Chan eil mi aig a bheil ùidh ann an gleidheadh an status quo; Tha mi airson cur às e.

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#23 2005-02-24 01:22:17

karov
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From: Bulgaria
Registered: 2004-06-03
Posts: 953

Re: Mars Needs Nitrogen

Then we must consider going to the Gas giants to get our Nitrogen. We allways did plan to do it to collect the helium3 to use as a fusion fuel and going to the outer two was seen as the best option for reasons to do with there lesser gravity wells and reduced background radiation.

But for our purposes Neptune would now be a better choice to go to. Triton one of the Moons of Neptune has volcanic geysers of nitrogen and is thought to have a solid crust of both water ice and nitrogen ice. And with a suface gravity much less than even our Moons it makes for a better source of launching materials by a mass driver.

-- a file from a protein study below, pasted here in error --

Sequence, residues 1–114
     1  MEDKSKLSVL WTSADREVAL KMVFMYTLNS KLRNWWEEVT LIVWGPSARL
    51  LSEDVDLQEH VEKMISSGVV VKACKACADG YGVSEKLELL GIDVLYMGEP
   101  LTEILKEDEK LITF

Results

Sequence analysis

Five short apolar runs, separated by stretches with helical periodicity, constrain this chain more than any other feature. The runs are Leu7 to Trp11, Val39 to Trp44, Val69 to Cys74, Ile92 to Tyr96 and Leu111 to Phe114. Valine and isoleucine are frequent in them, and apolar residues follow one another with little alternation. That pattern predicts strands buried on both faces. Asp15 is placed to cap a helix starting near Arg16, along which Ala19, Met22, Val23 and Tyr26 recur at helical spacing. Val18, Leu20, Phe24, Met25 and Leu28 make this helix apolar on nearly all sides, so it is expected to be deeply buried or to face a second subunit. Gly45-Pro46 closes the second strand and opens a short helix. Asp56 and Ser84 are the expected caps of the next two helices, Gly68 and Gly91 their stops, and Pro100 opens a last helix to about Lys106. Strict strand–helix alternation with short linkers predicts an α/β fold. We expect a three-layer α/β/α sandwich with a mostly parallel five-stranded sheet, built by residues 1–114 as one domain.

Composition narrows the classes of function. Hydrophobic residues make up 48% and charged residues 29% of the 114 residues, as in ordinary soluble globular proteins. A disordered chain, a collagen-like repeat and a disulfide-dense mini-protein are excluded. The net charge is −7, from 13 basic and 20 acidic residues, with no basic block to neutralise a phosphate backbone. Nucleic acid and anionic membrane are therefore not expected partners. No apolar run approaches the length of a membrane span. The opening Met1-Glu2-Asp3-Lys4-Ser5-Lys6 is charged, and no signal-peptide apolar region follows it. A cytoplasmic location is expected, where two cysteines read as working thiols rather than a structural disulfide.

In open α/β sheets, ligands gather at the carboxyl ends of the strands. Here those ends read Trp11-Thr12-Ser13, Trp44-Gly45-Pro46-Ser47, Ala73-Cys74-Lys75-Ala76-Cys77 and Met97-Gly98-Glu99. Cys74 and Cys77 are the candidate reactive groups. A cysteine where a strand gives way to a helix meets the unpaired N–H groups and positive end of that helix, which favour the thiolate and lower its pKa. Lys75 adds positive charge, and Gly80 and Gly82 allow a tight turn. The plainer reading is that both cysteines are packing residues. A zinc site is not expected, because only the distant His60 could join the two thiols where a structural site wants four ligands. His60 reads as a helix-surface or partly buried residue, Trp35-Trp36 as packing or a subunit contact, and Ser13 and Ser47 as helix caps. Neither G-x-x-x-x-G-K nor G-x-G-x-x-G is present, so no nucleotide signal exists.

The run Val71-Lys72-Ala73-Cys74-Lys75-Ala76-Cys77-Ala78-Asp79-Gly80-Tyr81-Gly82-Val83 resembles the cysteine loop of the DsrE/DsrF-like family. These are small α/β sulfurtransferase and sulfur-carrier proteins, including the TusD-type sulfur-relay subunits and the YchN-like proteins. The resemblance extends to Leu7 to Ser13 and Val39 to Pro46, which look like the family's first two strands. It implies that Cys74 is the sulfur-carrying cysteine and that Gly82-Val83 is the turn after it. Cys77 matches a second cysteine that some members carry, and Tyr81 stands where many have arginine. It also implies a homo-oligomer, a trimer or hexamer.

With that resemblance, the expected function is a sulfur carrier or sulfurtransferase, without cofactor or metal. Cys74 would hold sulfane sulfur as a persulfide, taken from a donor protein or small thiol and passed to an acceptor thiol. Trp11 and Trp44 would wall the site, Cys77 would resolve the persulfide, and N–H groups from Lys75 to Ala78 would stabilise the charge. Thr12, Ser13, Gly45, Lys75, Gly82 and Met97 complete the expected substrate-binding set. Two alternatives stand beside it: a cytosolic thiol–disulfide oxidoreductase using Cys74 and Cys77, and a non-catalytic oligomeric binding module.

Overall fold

Extracting N from any gas giant will need payment of too high delta V. To do so we`ll need non-exisent yet nuclear fusion drives or to harnes with megastructures the natural dynamo of these planets. The comets, Triton and KBOs are too far away... Venus pulls to strong, too, although the mutual supply of volatiles between several simultaneously terraformed planets seems very attractive business. BTW - as I many tims "insisted" - there is potential venusian nitrogen consumer - the planet itseld if we decide to terraform it with 3-4 bars of brethable atmosphere or better - huge rotating tube world made constructionally of the exported carbon from the getting rid of the thick venusian air and filled with the mixture of N2/O2 - giant rotating curved along the planeary orbit. The Venusian atmosphere is enough to provide THOUSANDS o times the living area of the Earth, assuming the Paul Birch`s figures of 40 tonnes carbon per m2 + 10 tonnes of N2/O2 air pr m2...  In Paul Birch momentum exchange loop manner not only the materials can be mined there, but this to be done by utilizing the natural stockpile of gravito-dynamical ebergy in the System... but again needs industrial and constructional infrastructure so huge that dwarfs the entire foreseeable  such base of the mankind in the next millenium.

Narrowing the task to nitrogen mining or Mars the only reasonable sourse, mineable with almost the existing technology is Titan: